Utilising innovative geohazard mitigation techniques, Hiway GeoStabilization (HGS) cut project costs in half on a land slip project on West Coast Rd, in the North Hokianga.
Instead of building a conventional retaining wall, HGS used high tensile wire mesh and steel anchor nails to stabilise the roadside. Far North District Council (FNDC) general manager infrastructure and asset management Andy Finch said the council was always open to exploring innovative and cost-effective methods of maintaining the district’s extensive road network, and this technique had real promise.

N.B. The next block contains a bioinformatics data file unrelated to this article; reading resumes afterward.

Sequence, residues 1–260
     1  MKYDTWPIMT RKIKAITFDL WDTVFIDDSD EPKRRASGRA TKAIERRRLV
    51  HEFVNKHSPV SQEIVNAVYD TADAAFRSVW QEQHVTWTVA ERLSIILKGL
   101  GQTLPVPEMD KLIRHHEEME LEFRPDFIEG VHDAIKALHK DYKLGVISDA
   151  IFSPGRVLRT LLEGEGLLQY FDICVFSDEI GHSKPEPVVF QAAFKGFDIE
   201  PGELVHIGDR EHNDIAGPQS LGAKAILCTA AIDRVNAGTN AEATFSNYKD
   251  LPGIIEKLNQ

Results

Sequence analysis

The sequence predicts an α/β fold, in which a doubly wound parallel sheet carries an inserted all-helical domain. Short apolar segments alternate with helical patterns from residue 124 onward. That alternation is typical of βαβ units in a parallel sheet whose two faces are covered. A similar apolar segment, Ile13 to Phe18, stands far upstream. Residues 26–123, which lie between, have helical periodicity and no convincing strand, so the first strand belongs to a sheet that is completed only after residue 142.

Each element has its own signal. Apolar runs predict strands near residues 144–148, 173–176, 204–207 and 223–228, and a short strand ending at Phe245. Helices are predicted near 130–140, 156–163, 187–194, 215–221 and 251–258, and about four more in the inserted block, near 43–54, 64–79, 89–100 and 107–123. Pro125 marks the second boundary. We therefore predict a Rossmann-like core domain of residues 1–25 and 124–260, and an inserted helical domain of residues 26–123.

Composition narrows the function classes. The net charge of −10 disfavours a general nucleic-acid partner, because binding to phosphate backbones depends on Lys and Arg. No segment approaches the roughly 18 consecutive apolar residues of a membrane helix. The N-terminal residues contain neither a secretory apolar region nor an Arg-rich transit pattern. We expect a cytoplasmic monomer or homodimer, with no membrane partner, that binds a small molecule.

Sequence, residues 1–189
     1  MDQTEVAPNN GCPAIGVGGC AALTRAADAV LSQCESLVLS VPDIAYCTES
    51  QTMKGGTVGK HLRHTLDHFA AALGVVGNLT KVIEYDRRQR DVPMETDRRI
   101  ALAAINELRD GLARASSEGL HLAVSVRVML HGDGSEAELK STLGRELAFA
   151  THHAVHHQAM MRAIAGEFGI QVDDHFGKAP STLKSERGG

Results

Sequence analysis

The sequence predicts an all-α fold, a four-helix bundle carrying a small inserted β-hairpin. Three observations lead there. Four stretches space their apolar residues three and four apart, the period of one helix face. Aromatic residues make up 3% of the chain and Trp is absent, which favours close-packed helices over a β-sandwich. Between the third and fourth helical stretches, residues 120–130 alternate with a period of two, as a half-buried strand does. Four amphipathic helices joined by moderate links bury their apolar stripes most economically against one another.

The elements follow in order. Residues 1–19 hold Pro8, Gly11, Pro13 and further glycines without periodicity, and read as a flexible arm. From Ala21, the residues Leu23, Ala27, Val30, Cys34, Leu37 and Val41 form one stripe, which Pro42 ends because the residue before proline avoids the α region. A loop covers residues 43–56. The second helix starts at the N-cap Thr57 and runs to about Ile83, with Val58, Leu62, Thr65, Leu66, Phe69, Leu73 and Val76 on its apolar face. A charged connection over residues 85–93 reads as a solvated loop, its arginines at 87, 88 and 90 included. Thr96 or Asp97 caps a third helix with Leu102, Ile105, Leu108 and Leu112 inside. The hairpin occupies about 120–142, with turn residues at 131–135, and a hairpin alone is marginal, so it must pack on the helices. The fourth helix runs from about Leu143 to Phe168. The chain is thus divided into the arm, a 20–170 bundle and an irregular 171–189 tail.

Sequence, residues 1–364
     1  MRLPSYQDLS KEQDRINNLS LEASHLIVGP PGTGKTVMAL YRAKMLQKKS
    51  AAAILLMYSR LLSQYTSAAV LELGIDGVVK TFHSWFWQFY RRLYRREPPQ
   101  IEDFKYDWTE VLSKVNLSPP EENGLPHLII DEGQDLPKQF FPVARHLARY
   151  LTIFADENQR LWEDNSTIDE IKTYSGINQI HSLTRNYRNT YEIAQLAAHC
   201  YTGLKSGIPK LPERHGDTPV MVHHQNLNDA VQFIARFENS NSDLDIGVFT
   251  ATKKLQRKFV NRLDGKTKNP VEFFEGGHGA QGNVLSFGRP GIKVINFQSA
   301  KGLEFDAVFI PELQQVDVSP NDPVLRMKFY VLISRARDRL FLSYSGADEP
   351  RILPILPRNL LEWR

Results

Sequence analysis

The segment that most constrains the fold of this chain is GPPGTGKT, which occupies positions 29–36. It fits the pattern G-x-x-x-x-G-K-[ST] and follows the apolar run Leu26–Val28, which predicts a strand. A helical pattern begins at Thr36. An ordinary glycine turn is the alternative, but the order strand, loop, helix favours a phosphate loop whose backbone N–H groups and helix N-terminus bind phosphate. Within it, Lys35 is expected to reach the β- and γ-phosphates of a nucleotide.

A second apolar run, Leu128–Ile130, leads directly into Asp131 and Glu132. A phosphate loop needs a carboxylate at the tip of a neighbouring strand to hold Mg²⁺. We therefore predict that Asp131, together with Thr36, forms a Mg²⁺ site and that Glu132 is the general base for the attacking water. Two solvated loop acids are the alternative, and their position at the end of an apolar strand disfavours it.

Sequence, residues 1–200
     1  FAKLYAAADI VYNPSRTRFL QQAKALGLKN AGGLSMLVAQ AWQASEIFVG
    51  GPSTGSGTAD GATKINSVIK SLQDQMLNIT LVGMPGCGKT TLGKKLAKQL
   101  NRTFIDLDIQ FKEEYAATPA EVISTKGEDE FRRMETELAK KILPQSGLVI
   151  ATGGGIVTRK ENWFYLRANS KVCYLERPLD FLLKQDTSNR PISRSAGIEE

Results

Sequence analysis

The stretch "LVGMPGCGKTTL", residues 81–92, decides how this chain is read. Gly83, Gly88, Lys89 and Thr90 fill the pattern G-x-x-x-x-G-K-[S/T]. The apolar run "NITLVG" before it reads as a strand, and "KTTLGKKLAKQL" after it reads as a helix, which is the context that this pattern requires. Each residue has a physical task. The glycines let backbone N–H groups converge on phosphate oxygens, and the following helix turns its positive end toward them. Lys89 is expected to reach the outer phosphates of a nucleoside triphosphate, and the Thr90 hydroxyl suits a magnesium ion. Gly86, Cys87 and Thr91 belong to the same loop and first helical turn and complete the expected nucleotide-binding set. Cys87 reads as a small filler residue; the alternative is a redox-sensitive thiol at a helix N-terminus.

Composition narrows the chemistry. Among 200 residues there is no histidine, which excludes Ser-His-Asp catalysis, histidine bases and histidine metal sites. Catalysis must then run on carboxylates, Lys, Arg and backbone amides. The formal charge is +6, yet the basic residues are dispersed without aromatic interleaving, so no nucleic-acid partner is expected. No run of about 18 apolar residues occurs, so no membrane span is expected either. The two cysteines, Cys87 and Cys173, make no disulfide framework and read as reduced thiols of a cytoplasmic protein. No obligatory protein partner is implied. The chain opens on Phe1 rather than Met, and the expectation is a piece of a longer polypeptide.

“Our geology makes us particularly vulnerable to slips, and these can be expensive and time-consuming to repair, this technique can significantly reduce the time required to complete repairs, and also uses fewer materials. That means costs can potentially be reduced by as much as half, while achieving similar levels of stability as traditional retaining methods,” said Andy Finch.
This was the first time the machinery required for the mesh and anchor technique had been available in the Far North, and the council hoped to be offered the option again by contractors tendering for slip repairs in the future.
The narrow winding TeKoa Road, in North Canterbury, is supported over a short 30m section above the Mandamus River by an aging four-metre high gabion wall.